We headed back south along yesterday's track with the wind at our backs for a short distance before turning due east and setting a course for Moho Cay, a few miles off. There were several times when we slowed to ease our way cautiously through much shallower water where coral banks approached the surface.
The weather was improved considerably over yesterday's, the seas and winds both diminished to comfortable levels, with mostly sunny skies. We dropped the sails as we neared Hatchett Cay, swinging around to approach it from the south, and easily picked up the mooring ball on the sheltered southeast side of the island.
A red concrete pathway meandered off both to the right and left. We turned left and strolled along past coconut palms, hibiscus, plumeria, and other bright blooming flowers. Passing several other cottages at the edge of the water, we came to an elevated deck under the palms, with a bar at its edge. A workman was on hands and knees, varnishing the weathered hardwood. He informed us that neither the bar nor the restaurant was open, and that they were getting ready for the start of the season. On October 17th they planned to reopen the bar and small restaurant, and the cottages should be ready for guests the following week. I realized that the dates coincided with the projected end of the hurricane season.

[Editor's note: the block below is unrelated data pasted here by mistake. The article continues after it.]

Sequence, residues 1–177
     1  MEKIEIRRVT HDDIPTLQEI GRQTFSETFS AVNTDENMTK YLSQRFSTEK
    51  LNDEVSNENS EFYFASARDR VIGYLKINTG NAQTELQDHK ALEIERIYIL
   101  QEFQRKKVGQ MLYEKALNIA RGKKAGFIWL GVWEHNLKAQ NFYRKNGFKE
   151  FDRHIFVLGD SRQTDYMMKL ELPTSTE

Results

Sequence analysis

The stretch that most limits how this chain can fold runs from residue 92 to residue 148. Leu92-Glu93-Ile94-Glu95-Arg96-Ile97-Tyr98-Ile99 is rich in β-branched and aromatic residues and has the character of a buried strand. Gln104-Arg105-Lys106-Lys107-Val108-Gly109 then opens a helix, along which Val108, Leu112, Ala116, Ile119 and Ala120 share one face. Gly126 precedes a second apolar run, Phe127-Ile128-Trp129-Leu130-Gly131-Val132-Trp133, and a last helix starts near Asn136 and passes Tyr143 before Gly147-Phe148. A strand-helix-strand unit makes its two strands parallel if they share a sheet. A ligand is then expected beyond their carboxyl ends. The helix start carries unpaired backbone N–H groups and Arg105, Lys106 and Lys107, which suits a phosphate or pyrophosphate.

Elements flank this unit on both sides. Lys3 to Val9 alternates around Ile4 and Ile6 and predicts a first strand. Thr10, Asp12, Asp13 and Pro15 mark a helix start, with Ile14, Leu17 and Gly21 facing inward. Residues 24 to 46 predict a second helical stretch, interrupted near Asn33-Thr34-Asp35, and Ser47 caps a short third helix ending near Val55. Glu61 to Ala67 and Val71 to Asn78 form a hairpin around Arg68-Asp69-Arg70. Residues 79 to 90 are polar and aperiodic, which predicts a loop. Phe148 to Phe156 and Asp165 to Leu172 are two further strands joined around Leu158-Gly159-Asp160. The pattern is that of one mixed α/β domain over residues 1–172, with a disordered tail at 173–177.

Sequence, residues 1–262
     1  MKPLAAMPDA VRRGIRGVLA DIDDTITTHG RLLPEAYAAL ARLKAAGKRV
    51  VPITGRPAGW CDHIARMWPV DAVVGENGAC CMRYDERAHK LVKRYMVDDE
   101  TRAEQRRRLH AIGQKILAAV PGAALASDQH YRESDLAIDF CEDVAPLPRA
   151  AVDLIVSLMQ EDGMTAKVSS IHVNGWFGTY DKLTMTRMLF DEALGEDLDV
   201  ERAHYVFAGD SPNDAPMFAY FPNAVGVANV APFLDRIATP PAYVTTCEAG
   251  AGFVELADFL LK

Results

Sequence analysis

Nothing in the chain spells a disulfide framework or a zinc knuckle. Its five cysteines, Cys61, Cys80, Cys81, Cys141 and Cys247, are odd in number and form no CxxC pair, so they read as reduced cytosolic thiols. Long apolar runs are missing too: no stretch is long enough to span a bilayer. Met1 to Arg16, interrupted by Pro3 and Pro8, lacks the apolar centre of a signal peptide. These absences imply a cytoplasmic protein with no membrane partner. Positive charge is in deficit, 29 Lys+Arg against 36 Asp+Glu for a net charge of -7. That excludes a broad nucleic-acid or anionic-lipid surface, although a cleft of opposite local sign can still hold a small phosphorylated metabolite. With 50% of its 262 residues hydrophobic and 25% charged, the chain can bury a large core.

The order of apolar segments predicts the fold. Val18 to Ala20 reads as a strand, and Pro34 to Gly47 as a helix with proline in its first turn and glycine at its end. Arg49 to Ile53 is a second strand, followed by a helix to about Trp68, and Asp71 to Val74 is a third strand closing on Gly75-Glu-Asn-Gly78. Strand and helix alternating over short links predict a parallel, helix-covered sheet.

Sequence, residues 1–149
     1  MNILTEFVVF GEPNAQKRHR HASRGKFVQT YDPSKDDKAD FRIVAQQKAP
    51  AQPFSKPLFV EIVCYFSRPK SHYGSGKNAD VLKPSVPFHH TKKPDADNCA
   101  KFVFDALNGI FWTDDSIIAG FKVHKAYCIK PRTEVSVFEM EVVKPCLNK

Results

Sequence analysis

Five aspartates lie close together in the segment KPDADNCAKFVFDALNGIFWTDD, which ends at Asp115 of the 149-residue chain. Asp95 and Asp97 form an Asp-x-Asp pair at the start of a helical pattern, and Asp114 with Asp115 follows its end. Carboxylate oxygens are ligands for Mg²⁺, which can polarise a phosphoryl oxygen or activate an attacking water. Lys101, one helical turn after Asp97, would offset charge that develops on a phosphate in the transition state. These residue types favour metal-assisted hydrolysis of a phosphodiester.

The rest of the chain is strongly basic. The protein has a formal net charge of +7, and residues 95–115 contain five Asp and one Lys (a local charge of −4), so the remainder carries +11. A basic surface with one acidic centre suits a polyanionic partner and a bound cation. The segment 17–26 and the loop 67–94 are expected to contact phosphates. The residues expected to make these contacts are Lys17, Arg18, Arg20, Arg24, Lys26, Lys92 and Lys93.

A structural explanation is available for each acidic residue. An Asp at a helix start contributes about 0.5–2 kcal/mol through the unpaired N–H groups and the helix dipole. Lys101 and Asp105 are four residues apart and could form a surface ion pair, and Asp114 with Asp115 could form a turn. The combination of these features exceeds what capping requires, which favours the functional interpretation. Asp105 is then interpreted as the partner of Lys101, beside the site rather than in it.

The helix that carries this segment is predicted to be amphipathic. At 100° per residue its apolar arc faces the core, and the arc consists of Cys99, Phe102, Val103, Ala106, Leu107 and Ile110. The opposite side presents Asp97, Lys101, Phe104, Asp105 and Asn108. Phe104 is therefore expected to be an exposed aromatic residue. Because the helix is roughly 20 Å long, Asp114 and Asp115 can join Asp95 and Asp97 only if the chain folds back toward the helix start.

We continued our walk, winding around the windward side of the cay, where wind-whipped waves surged across the shallow waters to splash mini-surf along the beaches. A total of perhaps ten minutes walking brought us around the entire circumference of the island and back to the pier where the dinghy was tied. We climbed on and made out way back to the catamaran to report our findings.
Sheila, Mary Ann, and Jane all wanted to go see the coral formations near shore so the three of them, John, and I loaded masks, fins, and snorkeling gear into the inflatable dinghy, and we motored the hundred and fifty yards to the end of the dock on the lee side of the cay.
The soft corals looked almost like brown velveteen many branched plants, and on close examination revealed that the fuzzy appearance was the presence of thousands of individual coral polyps all living together as a growing, living colony.